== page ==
A report on Automation in Shipping was compiled, following a survey of almost 900 seafaring members from more than 12 different countries in the Nautilus Federation, to understand their views on the issues surrounding new technology and autonomous ships and the potential effect on maritime jobs. It was designed to give a voice to maritime professionals who would be affected by a potential move towards autonomous vessels as the technology is developed. Results showed seafarers are extremely concerned that automation could threaten their roles, with nearly 84% saying they see it as a threat, with respondents also expressing concern for safety at sea should automation come into use. The Nautilus survey was submitted to the International Maritime Organization (IMO) through the International Transport Workers’ Federation (ITF), alongside a paper setting out the Nautilus/ITF posit on on the debate. Both papers were welcomed by the IMO and will be taken into consideration in the ongoing IMO regulatory scoping exercise.
Over the last four years, the communications team has worked with PR agency, Definition (formerly Acceleris) in the UK, to issue more than 100 press releases to local, national and international titles, as well as specialist maritime media.
They generated more than 1,800 of coverage in the UK, Netherlands and Switzerland. Around a quarter were across national print and online media, reaching more than 2.7 billion people and helping raise Nautilus’s profile and key messages with influencers, journalists, social commentators and the public.
Increased consumer awareness has also put pressure on governments to act in protecting seafaring interests.
In the UK, a feature in the Guardian in 2018 by renowned journalist Polly Toynbee drew attention to the plight of the crews abandoned in the UK onboard the Malaviya Seven and Malaviya Twenty, and increased her knowledge of the maritime sector.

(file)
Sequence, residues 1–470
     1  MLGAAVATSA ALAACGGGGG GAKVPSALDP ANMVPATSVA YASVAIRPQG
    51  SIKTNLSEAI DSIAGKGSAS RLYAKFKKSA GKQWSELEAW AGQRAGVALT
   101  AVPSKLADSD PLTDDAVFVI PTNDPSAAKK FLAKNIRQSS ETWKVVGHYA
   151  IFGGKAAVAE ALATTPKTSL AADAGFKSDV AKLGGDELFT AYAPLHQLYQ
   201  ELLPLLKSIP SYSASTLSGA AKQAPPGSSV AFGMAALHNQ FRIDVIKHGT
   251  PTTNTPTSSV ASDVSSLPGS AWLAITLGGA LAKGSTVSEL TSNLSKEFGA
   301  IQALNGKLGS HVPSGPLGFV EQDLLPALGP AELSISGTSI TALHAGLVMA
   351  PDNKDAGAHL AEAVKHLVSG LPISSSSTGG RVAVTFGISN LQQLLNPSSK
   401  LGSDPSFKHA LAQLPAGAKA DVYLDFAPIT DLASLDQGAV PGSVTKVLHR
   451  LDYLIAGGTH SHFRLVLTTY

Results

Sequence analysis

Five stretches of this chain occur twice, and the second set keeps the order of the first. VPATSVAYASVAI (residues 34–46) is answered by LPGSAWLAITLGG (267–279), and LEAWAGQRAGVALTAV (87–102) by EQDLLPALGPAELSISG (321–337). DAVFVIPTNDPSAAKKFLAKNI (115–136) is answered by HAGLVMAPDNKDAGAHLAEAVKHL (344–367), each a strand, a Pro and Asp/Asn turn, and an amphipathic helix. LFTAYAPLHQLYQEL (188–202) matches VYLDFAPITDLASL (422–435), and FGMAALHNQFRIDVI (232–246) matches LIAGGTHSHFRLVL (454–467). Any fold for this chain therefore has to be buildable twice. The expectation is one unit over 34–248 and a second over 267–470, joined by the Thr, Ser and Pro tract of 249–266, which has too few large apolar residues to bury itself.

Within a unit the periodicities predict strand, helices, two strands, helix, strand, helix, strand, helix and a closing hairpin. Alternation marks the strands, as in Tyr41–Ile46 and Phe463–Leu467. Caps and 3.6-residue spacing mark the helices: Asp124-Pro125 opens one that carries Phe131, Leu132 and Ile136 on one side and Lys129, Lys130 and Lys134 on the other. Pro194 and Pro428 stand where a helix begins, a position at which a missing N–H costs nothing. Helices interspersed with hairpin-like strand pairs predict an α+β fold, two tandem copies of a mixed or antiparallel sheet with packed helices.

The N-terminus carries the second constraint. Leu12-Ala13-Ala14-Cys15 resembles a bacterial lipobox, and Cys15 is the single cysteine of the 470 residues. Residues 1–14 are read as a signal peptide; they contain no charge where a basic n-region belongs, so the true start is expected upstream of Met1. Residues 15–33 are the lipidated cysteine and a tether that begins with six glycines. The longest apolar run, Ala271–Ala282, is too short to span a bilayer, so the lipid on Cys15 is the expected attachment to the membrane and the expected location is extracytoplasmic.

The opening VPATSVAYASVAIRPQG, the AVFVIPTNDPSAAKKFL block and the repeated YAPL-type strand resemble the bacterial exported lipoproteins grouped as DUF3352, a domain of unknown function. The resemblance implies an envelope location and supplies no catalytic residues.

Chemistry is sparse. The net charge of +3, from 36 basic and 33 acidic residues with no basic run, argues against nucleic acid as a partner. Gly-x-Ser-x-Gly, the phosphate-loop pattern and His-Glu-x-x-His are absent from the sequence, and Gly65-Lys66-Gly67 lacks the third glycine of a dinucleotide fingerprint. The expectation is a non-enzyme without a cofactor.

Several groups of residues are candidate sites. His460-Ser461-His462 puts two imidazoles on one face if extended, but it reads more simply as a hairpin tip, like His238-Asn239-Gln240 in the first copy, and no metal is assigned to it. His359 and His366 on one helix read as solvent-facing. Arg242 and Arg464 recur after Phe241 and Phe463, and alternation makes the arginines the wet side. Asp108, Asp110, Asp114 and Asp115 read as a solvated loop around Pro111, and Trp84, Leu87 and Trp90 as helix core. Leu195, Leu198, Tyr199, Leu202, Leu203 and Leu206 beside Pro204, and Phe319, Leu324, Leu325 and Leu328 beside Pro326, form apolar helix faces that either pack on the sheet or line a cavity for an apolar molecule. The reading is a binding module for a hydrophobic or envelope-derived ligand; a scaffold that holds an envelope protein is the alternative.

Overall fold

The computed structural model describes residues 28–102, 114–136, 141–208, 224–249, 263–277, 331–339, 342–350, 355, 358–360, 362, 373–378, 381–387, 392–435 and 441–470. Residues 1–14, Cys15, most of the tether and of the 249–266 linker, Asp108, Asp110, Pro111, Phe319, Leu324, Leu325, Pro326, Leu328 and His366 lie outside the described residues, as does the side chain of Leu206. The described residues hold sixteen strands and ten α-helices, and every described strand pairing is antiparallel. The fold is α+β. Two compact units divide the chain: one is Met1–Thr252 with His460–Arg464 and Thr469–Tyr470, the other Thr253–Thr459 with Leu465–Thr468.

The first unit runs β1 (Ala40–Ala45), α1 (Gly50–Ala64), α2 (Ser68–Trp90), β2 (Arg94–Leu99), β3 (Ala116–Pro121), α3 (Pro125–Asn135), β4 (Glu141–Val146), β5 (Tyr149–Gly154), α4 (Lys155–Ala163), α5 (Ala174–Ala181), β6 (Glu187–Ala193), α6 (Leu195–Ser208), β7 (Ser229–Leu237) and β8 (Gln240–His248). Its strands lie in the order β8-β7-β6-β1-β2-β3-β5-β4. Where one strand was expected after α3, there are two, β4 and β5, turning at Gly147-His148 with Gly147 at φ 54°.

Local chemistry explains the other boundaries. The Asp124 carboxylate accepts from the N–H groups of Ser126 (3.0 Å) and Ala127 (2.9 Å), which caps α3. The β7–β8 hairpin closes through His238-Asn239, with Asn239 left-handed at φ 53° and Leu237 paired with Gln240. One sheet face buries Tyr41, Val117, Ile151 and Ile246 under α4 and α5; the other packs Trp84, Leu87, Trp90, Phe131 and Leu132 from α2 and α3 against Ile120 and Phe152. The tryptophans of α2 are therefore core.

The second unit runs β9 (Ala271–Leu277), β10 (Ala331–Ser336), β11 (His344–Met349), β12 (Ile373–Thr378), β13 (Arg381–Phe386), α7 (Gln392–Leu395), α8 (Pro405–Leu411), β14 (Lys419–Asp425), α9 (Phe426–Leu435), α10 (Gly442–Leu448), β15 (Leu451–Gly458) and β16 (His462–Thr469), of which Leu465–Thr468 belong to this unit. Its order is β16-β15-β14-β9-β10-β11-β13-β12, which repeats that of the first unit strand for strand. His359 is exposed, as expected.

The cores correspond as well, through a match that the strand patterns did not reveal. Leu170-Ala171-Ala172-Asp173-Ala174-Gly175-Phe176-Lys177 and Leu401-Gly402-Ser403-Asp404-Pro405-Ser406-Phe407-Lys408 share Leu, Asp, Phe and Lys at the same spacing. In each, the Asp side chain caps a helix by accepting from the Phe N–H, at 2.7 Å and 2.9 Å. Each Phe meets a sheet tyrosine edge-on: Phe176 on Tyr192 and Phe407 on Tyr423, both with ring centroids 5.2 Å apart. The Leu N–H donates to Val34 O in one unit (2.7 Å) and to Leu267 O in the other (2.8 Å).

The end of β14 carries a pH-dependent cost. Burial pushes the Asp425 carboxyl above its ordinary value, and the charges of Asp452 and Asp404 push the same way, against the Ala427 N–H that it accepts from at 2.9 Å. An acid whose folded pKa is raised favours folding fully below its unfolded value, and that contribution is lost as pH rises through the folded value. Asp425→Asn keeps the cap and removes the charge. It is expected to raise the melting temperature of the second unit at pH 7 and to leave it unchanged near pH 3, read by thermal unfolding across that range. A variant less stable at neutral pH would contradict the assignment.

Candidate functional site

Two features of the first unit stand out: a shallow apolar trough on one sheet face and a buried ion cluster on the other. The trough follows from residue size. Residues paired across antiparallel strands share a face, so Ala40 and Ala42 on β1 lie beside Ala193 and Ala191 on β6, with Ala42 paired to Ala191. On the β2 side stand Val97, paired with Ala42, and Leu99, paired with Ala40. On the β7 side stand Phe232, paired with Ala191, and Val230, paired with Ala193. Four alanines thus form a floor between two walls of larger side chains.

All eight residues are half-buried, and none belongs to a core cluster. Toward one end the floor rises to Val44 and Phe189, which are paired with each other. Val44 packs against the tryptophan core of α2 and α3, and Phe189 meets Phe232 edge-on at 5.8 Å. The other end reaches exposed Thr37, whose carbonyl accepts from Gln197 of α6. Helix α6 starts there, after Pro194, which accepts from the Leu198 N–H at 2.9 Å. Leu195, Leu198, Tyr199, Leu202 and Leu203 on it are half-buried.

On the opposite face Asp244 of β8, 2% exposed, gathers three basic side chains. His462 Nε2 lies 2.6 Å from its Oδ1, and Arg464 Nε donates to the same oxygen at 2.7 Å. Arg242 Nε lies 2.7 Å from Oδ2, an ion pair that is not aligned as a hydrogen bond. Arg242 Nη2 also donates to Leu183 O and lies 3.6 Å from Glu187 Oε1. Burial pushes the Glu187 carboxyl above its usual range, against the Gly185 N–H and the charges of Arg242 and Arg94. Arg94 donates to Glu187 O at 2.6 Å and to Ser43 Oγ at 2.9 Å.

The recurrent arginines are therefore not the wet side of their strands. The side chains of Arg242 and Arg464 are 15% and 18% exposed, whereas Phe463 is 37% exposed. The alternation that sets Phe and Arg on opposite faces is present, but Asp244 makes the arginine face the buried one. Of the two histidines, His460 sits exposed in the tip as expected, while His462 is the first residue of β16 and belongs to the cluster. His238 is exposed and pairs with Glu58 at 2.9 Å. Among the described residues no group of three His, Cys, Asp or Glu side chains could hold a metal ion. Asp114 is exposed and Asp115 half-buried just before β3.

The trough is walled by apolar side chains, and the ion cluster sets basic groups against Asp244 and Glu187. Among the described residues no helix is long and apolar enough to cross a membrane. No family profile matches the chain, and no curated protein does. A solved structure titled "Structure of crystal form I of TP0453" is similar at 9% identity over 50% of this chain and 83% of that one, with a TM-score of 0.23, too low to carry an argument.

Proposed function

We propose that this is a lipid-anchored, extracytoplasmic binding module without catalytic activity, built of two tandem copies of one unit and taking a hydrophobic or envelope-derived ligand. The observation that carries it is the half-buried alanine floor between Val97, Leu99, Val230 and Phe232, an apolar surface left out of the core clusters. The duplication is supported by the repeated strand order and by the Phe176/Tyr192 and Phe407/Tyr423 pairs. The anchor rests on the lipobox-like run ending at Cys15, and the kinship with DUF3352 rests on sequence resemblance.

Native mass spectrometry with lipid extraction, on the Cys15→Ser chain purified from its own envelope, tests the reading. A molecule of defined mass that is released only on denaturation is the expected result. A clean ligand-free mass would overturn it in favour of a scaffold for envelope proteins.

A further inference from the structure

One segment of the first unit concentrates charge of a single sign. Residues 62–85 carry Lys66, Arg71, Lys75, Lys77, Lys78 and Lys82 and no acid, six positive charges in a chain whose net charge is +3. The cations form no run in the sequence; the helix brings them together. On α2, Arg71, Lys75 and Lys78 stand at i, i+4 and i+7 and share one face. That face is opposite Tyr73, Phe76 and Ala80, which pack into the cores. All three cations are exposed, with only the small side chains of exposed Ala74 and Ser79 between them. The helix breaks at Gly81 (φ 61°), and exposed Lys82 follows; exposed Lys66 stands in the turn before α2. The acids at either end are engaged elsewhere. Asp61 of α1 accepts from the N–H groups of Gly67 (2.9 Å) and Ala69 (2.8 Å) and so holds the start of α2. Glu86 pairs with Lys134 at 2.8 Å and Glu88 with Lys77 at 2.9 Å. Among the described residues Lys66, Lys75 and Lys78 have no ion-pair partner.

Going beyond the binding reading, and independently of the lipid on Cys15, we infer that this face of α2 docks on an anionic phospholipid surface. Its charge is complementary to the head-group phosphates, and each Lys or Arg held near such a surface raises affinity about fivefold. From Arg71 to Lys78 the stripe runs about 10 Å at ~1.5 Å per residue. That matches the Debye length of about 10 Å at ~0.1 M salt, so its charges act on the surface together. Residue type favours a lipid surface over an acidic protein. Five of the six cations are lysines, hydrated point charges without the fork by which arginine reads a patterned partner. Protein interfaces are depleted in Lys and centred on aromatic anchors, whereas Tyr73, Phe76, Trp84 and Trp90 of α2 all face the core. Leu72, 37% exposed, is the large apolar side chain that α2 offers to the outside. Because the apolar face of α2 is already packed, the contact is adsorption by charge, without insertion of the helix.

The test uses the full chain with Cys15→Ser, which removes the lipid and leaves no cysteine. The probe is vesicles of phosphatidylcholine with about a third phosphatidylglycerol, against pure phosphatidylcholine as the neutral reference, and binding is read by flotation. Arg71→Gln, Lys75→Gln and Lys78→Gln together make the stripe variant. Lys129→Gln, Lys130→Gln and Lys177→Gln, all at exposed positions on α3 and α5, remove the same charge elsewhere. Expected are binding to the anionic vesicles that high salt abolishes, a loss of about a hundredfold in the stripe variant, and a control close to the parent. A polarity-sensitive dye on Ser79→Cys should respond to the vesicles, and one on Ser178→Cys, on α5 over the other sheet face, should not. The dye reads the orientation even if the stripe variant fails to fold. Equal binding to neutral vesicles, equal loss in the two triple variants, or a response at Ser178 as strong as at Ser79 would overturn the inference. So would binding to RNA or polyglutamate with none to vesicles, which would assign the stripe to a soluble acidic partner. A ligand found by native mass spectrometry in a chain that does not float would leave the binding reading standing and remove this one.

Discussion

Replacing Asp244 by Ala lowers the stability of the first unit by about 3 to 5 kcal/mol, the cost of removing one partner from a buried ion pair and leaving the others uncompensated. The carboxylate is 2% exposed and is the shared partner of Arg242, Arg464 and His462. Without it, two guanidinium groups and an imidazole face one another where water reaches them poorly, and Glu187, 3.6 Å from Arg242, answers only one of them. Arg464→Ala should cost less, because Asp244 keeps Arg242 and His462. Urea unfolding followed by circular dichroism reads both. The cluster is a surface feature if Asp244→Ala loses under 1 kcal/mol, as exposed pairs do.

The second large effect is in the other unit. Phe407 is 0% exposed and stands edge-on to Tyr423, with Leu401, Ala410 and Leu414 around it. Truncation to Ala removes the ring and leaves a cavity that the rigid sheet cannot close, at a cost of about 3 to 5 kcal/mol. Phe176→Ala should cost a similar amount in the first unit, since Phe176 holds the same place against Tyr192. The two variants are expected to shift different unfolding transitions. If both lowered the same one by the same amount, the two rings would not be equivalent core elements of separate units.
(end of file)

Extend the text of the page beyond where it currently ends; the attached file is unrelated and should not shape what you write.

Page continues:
In the Netherlands, the industrial action taken against Borr Drilling due to potential job losses generated a large amount of press and TV coverage and helped put pressure on the company to negotiate. Continued media attention and political lobbying eventually succeeded in getting the laws changed on the ability of Dutch-flagged vessels to use private security guards onboard.
In Switzerland, media coverage is helping to put pressure on river cruise companies to improve terms and conditions for staff and sign CBAs.
Nautilus's content strategy for social media channels has led to an increase in Facebook likes from 4,970 to 6,630 - up a third in less than four years - and from just under 7,025 to 10,300 Twitter followers - up 46%.
More than 2.4 million
users viewing posts from the official Nautilus Twitter account
More than 25,000
Facebook users engaging with the Union's Charter infographics
More than 110,000
views of the Union's animations
Activity has also generated huge reach and helped boost visibility of Nautilus’s brand and key messages to target audiences online.
The department’s activity has included the production of a series of animations to demonstrate the importance of the maritime profession and video content showcasing Nautilus’s senior management team and key Union developments.
It has also used social media to launch targeted stakeholder engagement campaigns, utilising visual components, including specially created GIFs and infographics, to progress objectives outlined in Nautilus’s Charter for Jobs.
Over the past four years, Nautilus's social media activity has resulted in:
More than 2.4 million users viewing posts from the official Nautilus Twitter account
More than 110,000 views of the Union's animations, which have subsequently been used for educational purposes in colleges and schools in the UK and the Netherlands
More than 25,000 Facebook users engaging with the Union's Charter infographics, gaining the Union almost 100 new followers
Meetings with high-level decision makers following targeted Twitter activity calling for a change in the system for issuing CECs, culminating in the announcement of a review announced in January 2018
Nautilus's official YouTube channel sharing content to more than 2,700 subscribers